|You can borrow a large sum of money to afford a big purchase, like a house or car.||Installment loans may increase the temptation for purchasing things you don’t really need or can’t afford.|
|You can determine the set amount you pay each month, allowing you to better budget for expenses.||Some lenders may charge a penalty fee if you pay off your loan in full.|
Installment loans often have lower interest rates than credit cards or other types of loans.
|Installment loans take time to pay off, making them a financial commitment.|
Tips for Making the Most Out of an Installment Plan
- Calculate your total amount: Before signing on the dotted line, make sure you know exactly how much the loan will cost over its lifetime. If you have a credit card, compare it to the total you’d pay if you financed the product that way (or with a 0% APR card).
- Understand the terms and conditions: Even if you’re using a lender with whom you’ve done business before, terms can vary depending on the retailer. So be sure to read the fine print.
- Automate it: Most of the point-of-sale installment loan companies allow you to set up automatic payments, which will help you avoid missing due dates. If you’re worried about overdrafting, you can sign up for payment reminders instead (or just become a Chime member and enjoy fee-free overdrafts!).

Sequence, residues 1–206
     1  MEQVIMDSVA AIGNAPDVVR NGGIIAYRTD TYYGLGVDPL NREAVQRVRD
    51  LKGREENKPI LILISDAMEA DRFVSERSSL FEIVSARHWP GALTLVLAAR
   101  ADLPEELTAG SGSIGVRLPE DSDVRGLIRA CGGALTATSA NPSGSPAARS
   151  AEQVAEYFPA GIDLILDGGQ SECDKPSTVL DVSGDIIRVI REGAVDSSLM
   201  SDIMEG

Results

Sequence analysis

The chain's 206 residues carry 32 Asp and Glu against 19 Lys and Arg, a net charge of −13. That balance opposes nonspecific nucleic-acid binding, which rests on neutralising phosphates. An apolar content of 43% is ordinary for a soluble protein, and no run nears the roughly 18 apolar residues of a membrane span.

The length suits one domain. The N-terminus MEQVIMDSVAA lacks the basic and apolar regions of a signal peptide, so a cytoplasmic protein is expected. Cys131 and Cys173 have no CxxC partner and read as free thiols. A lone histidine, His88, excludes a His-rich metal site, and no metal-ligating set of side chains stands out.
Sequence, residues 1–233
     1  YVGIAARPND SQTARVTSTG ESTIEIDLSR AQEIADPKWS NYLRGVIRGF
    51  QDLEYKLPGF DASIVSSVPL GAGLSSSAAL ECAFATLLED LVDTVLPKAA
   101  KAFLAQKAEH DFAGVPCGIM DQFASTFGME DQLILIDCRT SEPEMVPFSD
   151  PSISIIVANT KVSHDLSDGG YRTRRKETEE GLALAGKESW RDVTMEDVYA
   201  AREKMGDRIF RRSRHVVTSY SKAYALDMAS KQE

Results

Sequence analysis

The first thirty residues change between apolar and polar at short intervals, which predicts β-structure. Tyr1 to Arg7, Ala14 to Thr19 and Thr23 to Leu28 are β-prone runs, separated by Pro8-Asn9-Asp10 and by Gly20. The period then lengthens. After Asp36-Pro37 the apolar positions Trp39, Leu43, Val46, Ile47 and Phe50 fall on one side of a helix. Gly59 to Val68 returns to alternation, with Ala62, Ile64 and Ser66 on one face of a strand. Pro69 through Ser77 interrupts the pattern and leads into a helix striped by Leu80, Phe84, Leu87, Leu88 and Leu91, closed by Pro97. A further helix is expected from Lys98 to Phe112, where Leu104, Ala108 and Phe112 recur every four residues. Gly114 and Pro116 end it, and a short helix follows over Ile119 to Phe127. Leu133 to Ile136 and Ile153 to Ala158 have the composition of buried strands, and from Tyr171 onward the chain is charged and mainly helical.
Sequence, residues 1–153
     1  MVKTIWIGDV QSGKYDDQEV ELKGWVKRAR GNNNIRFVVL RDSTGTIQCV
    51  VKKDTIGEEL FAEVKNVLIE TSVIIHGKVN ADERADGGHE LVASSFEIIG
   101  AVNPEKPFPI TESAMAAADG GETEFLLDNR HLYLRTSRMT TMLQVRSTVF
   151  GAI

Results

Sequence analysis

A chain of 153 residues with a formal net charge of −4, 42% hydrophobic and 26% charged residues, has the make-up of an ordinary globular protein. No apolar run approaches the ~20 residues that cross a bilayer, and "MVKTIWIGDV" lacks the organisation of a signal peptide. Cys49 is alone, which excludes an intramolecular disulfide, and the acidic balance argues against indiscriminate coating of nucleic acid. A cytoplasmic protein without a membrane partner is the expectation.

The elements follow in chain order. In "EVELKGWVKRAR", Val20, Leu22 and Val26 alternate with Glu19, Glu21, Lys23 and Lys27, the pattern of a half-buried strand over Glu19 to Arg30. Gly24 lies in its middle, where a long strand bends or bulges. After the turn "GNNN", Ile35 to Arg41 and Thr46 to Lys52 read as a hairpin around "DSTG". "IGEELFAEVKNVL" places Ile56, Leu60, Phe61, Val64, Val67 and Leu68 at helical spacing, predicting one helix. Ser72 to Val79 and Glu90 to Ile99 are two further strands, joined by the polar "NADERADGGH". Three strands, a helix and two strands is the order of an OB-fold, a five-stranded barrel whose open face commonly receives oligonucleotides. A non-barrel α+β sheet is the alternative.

- Remember that installment plans can complicate returns: Don’t want that new couch after all? If you purchased it with an installment plan, you may need to continue paying your installments until the lender gets confirmation that you returned the item.
What is installment buying?
Installment buying is just another way of describing installment plans. It’s when you buy an item and pay for it over periodic payments (aka installments).
What is an installment fee?
Some installment plans charge fees for things like late payments or paying your loan in full. And because many installment plans don’t charge interest, they might charge a fixed fee in lieu of interest charges. Check with your lender and read the fine print to figure out what installment fees you might be paying. Some fees to look out for include:
- Late fees
- Service fees
- Reactivation or reschedule fees
- Monthly plan fees
- Account closure fees
What is a recurring payment plan?
Recurring payments, sometimes referred to as AutoPay, means the consumer has given permission for a retailer or merchant to deduct payments for goods or services from their credit/debit card or bank account — often on a monthly basis.
Unlike installment plans, which have a known end date for payments, recurring payment plans are ongoing and don’t end until the customer retracts permission for automatically taking payments from their account.
Installment plans can sometimes provide an affordable alternative to credit cards. But that doesn’t mean you should make them a habit.
Only use installment plans when you’re buying something you truly need. Otherwise, installment plans can provide a dangerously convenient way to spend more than you can afford.
The bottom line: Proceed with caution. While installment plans can provide a “good backup” in certain situations, the best plan is to “save up for something” and then buy it outright.